Palestine Crisis Disappearing, Jewish Agency Near, Weizmann Declares on Arrival in New York

The economic crisis in Palestine is disappearing and the Jewish upbuilding work in the country is on the eve of a new period of activity.

The day when the Jewish Agency, which is to unite Zionists and non-Zionists in the Palestine upbuilding work, will be created is not distant.

American Jews are beginning to lose the leadership they held in the past decade in providing the financial means for the Palestine work through the Zionist fund raising institutions, since contributions to the Palestine funds in European countries and in South Africa are increasing, making the contribution of American Jews smaller in proportion.

With these statements Dr. Chaim Weizmann, president of the World Zionist Organization, arrived in New York on his fifth visit to the United States.

Shortly after his arrival, Felix M. Warburg, chairman of the American Jewish Joint Distribution Committee and one of the American Commissioners of the Jewish Agency Survey Commission, called at the Hotel Commodore to welcome the Zionist leader.

In a special interview with the representative of the “Jewish Daily Bulletin,” Dr. Weizmann said tht in addition to stimulating activities of the Palestine fund-raising agency he intended to conclude final negotiations for the Jewish Agency. He reported that practically all the investigators who were sent to Palestine by the Survey Commission have completed their research work and that their reports are in. While he is in this country, Dr. Weizmann will arrange for a meeting of the Agency Commissioners which include Sir Alfred Mond, Felix Warburg, Lee K. Frankel and Dr. Oscar Wassermann.

Dr. Weizmann was emphatic in declaring that the Jewish Agency negotiations were being carried to their conclusion. “The Jewish Agency is a fact, and nothing has occurred since the Survey Commission was decided upon to alter the plans for the Agency. During my visit here the Agency will be established, according to present arrangements.”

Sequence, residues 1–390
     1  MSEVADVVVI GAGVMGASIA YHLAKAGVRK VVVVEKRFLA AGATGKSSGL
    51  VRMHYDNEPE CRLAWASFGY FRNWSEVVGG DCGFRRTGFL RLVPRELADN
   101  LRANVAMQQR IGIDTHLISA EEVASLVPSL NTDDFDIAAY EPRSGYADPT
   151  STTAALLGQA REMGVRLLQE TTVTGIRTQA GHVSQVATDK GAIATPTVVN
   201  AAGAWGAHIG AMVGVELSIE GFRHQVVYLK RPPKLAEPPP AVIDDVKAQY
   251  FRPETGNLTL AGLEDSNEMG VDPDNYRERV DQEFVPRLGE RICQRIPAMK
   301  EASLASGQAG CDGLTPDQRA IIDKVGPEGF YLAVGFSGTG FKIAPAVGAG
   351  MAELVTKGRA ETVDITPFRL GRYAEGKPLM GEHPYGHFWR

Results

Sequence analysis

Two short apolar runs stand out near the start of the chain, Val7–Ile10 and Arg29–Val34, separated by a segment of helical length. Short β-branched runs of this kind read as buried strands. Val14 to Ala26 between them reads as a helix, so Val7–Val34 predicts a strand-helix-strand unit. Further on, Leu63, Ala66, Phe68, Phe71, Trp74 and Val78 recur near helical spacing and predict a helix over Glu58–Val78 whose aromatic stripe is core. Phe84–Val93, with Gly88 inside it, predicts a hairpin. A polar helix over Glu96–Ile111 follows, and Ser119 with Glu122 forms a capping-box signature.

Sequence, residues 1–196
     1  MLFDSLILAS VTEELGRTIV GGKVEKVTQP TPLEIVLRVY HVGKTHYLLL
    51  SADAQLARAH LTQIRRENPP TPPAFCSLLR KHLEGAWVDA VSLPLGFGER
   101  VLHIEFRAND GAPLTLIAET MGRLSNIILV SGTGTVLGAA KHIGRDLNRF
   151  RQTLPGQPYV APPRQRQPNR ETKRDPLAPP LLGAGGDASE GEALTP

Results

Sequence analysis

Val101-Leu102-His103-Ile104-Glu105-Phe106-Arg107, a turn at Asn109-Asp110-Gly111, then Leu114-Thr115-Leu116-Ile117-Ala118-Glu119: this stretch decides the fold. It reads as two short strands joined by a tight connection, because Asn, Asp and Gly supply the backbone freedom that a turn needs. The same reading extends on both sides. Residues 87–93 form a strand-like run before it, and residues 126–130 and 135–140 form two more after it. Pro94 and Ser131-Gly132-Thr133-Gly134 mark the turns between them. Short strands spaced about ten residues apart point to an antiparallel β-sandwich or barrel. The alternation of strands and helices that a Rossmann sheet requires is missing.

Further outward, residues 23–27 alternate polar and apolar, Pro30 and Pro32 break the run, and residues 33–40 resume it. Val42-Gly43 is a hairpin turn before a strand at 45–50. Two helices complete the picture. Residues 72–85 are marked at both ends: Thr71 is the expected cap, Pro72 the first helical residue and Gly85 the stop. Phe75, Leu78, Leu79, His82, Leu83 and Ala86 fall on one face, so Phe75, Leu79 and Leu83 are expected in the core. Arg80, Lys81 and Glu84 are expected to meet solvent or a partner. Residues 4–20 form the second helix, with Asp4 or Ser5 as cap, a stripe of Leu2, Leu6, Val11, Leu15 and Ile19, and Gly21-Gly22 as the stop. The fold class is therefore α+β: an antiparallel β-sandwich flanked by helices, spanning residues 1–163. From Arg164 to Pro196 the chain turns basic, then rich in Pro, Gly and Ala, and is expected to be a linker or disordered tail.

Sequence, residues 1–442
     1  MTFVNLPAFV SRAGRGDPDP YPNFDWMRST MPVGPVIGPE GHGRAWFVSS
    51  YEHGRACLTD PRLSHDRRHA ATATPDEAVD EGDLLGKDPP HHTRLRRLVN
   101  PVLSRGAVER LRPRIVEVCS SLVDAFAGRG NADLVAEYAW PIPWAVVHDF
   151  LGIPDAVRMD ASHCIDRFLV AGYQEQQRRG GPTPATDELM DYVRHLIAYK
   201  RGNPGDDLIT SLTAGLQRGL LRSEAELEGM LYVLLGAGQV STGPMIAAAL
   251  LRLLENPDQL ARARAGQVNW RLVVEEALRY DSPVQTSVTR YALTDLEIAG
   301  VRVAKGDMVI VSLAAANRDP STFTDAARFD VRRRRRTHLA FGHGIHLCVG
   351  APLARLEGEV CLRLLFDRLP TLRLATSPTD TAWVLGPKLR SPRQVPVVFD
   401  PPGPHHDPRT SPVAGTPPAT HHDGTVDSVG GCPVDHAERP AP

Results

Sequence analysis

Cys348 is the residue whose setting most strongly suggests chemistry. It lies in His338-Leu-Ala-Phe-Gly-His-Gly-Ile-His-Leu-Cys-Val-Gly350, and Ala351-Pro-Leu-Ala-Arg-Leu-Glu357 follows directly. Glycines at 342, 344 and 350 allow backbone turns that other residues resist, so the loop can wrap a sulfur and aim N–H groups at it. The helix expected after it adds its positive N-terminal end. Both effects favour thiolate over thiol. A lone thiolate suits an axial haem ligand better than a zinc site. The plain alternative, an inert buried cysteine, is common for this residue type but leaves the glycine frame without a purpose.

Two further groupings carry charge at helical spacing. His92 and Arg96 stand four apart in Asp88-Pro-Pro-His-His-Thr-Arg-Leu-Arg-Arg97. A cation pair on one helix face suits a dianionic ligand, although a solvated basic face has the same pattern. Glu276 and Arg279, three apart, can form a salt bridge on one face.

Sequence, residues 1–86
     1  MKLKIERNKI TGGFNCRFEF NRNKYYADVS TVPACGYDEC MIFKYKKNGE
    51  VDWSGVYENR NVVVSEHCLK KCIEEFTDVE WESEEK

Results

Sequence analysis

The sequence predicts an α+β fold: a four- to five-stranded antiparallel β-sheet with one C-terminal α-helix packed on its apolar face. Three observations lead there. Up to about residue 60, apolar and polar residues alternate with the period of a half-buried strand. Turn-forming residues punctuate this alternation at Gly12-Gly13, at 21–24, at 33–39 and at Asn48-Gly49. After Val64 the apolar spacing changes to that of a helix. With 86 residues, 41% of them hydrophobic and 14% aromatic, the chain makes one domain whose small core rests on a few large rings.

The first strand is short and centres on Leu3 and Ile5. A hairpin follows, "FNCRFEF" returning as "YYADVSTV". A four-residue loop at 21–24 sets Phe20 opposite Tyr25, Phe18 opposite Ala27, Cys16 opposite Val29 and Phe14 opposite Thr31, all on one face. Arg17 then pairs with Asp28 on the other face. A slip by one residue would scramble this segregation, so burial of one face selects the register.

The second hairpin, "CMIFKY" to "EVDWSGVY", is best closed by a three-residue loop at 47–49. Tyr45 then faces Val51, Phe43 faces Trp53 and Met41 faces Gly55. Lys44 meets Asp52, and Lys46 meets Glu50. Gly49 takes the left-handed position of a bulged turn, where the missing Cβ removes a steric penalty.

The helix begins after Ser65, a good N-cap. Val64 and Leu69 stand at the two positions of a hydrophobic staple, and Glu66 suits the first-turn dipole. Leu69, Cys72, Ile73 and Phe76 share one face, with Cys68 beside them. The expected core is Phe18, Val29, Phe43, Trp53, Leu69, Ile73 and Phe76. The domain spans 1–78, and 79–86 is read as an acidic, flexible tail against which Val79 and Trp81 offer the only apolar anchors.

Commenting upon the continued talk of a crisis in Palestine, Dr. Weizmann stated that there was no reason to speak of such a condition at the present time. “According to the latest reports which I have received from the Homeland, the situation is steadily improving. If only we would have carried on our part of the budget, there would have been no agn of stringency whatever in Palestine. With $50,000 a month more from the United States, the difficult conditions would have been entirely liquidated.”

Dr. Weizmann stated that the Zionists of Europe are taking an increasingly active part in the rebuilding of the Homeland, particularly from a financial point of view. “America is not doing its share,” Dr. Weizmann declared. “The various countries of Europe have done more, proportionately, for Palestine that the United States.

“Zionism in Europe is being strengthened. The first indication of that renewed vigor is the substantial increase in the receipts of the Keren Hayesod in England, Poland, Roumania and other countries. The most important growth in Zionist sentiment is taking place in South Africa, however, where the receipts of the Keren Hayesod have averaged one pound per person. Sixty thousand pounds is reported from a territory with a Jewish population of sixty thousand.

“Naturally, however, the largest amount of support for the upbuilding of Palestine must come from the United States, because that country has the largest Jewish population, economically speaking. Upon the Jews of America, at the present time, depends the rate of Palestine’s progress. Unfortunately, however. American Jews have not done everything that was expected of them.”